An American Poutine You Can Make At Home

Sometimes I cry when I remember that there are some countries where Poutines aren’t a thing

Canadians, Americans and people around the world, gather around and let me show you how to make Authentic Canadian Poutine with my absolute FAVOURITE poutine recipe!

4 pounds (1814g) Russet potatoes, peeled and cut into ½” inch sticks
Vegetable oil, for frying
1-2 tablespoon salt
6 tablespoon (90g) unsalted butter
¼ cup (32g) all purpose flour
4 cups (960ml) beef or chicken stock (I used beef for a darker gravy)
2 tablespoon ketchup
1 tablespoon Worcestershire sauce
½ teaspoon salt + more to taste
½ teaspoon black pepper + more to taste
3 tablespoon cornstarch
2 tablespoon water
2 cups (250g) Cheese curds
Peel the potatoes and slice lengthwise into ¼-inch thick disks. Slice each disk into ¼-inch thick sticks. If you want to keep the skin on, wash the potatoes before slicing.
Place all of the potato sticks into a container or large bowl filled with cold water. Set aside to soak for at least an hour or preferably overnight. If soaking overnight, cover and keep in the fridge. This removes the starch, making the fries extra crispy!
Drain the starch water and rinse off the fries twice with cold water. Transfer fries to a paper towel lined baking sheet and use another sheet of paper towel to pat and dry them as much as possible.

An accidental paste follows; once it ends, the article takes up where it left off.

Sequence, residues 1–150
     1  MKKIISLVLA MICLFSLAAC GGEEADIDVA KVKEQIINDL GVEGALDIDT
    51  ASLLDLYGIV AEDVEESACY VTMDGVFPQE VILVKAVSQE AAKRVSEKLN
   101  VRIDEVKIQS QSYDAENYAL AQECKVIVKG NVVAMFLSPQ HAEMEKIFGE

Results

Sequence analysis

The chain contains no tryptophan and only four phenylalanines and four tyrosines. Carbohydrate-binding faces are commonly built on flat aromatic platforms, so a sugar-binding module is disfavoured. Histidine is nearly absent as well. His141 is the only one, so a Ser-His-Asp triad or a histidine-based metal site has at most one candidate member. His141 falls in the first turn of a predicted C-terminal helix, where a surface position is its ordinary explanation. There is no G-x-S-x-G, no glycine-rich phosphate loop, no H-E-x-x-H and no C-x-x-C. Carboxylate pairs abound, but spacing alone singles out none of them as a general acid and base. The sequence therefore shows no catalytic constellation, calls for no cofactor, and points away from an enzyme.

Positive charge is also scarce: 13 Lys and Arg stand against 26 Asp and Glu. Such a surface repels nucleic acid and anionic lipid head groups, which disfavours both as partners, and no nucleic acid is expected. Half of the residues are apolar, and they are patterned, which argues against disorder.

Pour 3-inches of oil into a large deep pot, heat to 300°F. You can use a thermometer or wait a few minutes, then drop a small fry in the oil to check if it starts to fry gently. If it doesn’t, wait a bit longer, if it begins to pop, turn the heat down.
Once the oil is hot enough, grab a handful of fries (don’t actually use your hands) and place them in the oil. Fry for 4-5 minutes to cook the inside, remove them from the oil if they begin to brown.
Place fries onto another paper towel lined baking sheet or plate while you fry the remaining batches. You’ll need to work in small batches because if too many fries are added at once, the oil can bubble up and spill over, so stick with a handful at a time to be safe.
Once all fries are cooked, heat the oil to 400°F, then once again fry the fries in small batches until they are golden and crispy, another 3-5 minutes. Keep an eye on them, you don’t want them to burn.
Place them on paper towels to soak up the oil, then sprinkle with some salt. There’s no measurements for this, feel free to sprinkle as much or as little salt as you like.
Add butter to a saucepan and heat over medium heat until melted.
Once butter has melted, add the flour and whisk until mixture begins to bubble and foam. Continue to whisk for another 1 minute.
Slowly pour in the beef stock while whisking constantly.
Once stock is incorporated, whisk in the ketchup, Worcestershire sauce, salt and pepper.
Allow gravy to reach a boil. Meanwhile, combine cornstarch and water to make a slurry.
Once gravy begins to boil, add cornstarch slurry and whisk to combine.
Turn the heat down to medium-low and allow gravy to simmer until the mixture begins to thicken, it should coat the back of a spoon. About 10-15 minutes. Taste the sauce and adjust the seasonings to your liking.
Transfer the fries to your serving plates. Place cheese curds on top of the fries and immediately pour the hot gravy on top so it can melt the curds. Serve and enjoy!
Fries: Don’t wanna make homemade fries? This recipe can work with restaurant fries, or frozen fries that have been baked in the oven.
Cheese Curds: If you can’t find cheese curds, a good substitute is soft mozzarella cheese.

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